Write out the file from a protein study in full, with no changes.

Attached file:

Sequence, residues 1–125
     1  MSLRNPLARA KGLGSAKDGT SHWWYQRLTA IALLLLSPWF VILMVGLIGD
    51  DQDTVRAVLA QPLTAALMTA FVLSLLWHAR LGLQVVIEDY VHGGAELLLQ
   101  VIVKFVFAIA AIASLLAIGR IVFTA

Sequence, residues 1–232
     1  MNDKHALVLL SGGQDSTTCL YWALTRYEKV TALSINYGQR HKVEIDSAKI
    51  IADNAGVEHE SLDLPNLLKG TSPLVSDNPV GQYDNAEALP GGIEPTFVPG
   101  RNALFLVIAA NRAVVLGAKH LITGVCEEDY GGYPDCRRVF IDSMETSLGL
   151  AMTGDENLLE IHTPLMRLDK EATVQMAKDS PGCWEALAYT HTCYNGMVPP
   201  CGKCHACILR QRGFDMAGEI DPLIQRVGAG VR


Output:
Sequence, residues 1–125
     1  MSLRNPLARA KGLGSAKDGT SHWWYQRLTA IALLLLSPWF VILMVGLIGD
    51  DQDTVRAVLA QPLTAALMTA FVLSLLWHAR LGLQVVIEDY VHGGAELLLQ
   101  VIVKFVFAIA AIASLLAIGR IVFTA

Sequence, residues 1–232
     1  MNDKHALVLL SGGQDSTTCL YWALTRYEKV TALSINYGQR HKVEIDSAKI
    51  IADNAGVEHE SLDLPNLLKG TSPLVSDNPV GQYDNAEALP GGIEPTFVPG
   101  RNALFLVIAA NRAVVLGAKH LITGVCEEDY GGYPDCRRVF IDSMETSLGL
   151  AMTGDENLLE IHTPLMRLDK EATVQMAKDS PGCWEALAYT HTCYNGMVPP
   201  CGKCHACILR QRGFDMAGEI DPLIQRVGAG VR